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Aston computer scientists develop software that helps prevent suicides

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The Galatean Risk and Safety Tool (GRiST) research programme is a collaboration between Aston University's Computer Science Research Groupand the University of Warwick Medical School. It has been funded by the Government and charities to develop a web-based decision support system for helping manage risks associated with mental health problems.

GRiST is running as a cloud-computing service from Aston University and being used by the National Health Service, private hospitals, and charities. Many hundreds of clinicians have been directly involved in its development and there are now versions across the age range, from child and adolescents through working age adults to older adults.

GRiST uses semantic-web technologies to represent clinical expertise in a hierarchical or tree structure that helps organise and understand people’s risks associated with mental-health problems. The GRiST logo reflects the idea of assessing these risks through the “risk knowledge tree” so that people can be given the most appropriate support for keeping safe. Dr Christopher Buckingham is the principal investigator at Aston University and he is keen to point out that everyone has mental-health problems and nobody should be ashamed of needing help with them: “We all have days when we don’t feel like facing the world, when our mood is very low and nothing seems to be going our way. Sometimes these problems can be very difficult to handle and it is important that there are places we can go for help and support”. GRiST is a web-based decision support system that is used by clinicians to help them assess the problems and associated risks more clearly.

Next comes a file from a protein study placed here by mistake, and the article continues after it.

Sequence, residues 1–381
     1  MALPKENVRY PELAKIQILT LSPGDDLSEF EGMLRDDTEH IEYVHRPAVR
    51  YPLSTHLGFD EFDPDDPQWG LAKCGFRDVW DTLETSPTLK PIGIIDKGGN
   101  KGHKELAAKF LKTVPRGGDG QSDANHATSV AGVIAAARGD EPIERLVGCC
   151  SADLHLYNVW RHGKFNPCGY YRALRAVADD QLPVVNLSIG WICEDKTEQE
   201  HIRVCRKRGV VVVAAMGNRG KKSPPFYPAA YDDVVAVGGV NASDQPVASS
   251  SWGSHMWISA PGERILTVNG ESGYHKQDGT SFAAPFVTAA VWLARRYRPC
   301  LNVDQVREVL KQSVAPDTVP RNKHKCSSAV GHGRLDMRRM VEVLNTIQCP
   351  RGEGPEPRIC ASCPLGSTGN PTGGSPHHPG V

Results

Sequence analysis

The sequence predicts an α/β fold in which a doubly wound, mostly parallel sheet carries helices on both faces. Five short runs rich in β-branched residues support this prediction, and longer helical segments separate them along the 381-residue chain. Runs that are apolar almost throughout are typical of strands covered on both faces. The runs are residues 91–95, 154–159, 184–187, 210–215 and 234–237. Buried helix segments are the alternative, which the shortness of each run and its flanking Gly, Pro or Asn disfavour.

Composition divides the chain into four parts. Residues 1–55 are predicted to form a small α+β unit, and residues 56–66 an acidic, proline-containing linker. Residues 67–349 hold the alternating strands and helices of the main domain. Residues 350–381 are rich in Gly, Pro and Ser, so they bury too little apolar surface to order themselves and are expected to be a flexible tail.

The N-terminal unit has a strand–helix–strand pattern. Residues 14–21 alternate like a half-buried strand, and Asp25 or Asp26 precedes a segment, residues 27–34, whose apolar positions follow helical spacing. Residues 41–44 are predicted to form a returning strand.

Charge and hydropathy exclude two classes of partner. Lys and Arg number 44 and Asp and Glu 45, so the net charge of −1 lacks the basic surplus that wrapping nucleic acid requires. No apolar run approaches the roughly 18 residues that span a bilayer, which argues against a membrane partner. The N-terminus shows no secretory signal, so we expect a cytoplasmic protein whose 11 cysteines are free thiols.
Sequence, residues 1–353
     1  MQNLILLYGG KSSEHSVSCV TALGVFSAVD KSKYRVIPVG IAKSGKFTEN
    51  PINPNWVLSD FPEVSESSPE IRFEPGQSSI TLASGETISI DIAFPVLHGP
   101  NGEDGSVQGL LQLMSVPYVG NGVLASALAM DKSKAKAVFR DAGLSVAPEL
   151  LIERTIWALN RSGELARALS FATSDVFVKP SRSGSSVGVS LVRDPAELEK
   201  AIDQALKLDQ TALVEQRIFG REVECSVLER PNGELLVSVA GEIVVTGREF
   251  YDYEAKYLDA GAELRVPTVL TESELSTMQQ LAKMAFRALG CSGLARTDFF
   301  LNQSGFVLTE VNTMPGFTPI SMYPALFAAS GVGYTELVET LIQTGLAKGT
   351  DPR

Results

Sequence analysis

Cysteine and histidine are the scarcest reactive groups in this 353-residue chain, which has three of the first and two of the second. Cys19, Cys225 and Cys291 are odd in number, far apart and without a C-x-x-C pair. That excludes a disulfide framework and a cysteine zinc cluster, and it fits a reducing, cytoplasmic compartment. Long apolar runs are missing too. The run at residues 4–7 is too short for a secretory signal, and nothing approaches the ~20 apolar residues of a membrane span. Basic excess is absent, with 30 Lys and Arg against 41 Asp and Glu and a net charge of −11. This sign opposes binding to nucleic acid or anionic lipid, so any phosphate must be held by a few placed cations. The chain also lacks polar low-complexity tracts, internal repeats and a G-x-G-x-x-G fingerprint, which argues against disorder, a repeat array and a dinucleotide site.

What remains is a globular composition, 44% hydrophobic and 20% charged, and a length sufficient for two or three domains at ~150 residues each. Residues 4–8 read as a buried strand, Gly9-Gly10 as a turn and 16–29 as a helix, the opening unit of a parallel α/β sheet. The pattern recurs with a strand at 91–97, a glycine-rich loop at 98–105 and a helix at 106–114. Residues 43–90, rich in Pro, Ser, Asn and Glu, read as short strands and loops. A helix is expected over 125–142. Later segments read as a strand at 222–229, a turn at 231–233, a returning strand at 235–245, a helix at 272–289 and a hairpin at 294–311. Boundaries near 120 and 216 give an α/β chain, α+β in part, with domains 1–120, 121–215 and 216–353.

The GRiST research team is also working on a version called my GRiST that people can use at home. It is being funded by the Judi Meadows Memorial Fund and myGRiST for self-assessment will link with a version of GRiST in primary care so that clinicians can provide support and advice for people while they remain in the community. This means that GRiST will span the entire patient care pathway from the community to primary, and secondary mental health care and back to the community. It will also be available for use in other front-line agencies such as the criminal justice system, housing associations, accident and emergency departments, and charities.

There is a large and growing clinical demand for GRiST that has shaped the direction of the research programme. Ongoing and future work focuses on connecting risk assessments and judgments to risk management planning and care packages. There is a good fit between the GRiST risk evaluations and mechanisms in current use for determining the most appropriate care clusters for patients. However these mechanisms are complex and time-consuming and GRiST offers a much simpler, indeed an immediate, way of achieving this linkage. Our research programme is dedicated to improving understanding of how risks arise, how clinicians evaluate them, and how they can be managed, both within mental-health services and the community.

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